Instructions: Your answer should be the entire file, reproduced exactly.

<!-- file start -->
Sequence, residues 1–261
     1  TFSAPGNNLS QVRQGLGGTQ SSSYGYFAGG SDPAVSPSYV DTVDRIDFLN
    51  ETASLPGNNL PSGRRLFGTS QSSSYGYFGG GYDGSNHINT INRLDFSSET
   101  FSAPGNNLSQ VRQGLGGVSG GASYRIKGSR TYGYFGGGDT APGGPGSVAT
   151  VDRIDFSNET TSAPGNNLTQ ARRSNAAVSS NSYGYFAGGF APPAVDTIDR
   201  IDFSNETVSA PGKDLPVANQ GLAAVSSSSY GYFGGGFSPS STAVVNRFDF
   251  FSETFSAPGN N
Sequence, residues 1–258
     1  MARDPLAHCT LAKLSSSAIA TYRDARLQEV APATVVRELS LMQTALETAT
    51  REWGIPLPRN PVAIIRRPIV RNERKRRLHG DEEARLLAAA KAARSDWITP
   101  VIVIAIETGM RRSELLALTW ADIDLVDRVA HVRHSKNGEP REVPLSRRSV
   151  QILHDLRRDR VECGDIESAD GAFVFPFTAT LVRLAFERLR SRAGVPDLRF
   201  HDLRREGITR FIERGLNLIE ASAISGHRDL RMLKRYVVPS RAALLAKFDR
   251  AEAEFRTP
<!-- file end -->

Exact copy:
Sequence, residues 1–261
     1  TFSAPGNNLS QVRQGLGGTQ SSSYGYFAGG SDPAVSPSYV DTVDRIDFLN
    51  ETASLPGNNL PSGRRLFGTS QSSSYGYFGG GYDGSNHINT INRLDFSSET
   101  FSAPGNNLSQ VRQGLGGVSG GASYRIKGSR TYGYFGGGDT APGGPGSVAT
   151  VDRIDFSNET TSAPGNNLTQ ARRSNAAVSS NSYGYFAGGF APPAVDTIDR
   201  IDFSNETVSA PGKDLPVANQ GLAAVSSSSY GYFGGGFSPS STAVVNRFDF
   251  FSETFSAPGN N
Sequence, residues 1–258
     1  MARDPLAHCT LAKLSSSAIA TYRDARLQEV APATVVRELS LMQTALETAT
    51  REWGIPLPRN PVAIIRRPIV RNERKRRLHG DEEARLLAAA KAARSDWITP
   101  VIVIAIETGM RRSELLALTW ADIDLVDRVA HVRHSKNGEP REVPLSRRSV
   151  QILHDLRRDR VECGDIESAD GAFVFPFTAT LVRLAFERLR SRAGVPDLRF
   201  HDLRREGITR FIERGLNLIE ASAISGHRDL RMLKRYVVPS RAALLAKFDR
   251  AEAEFRTP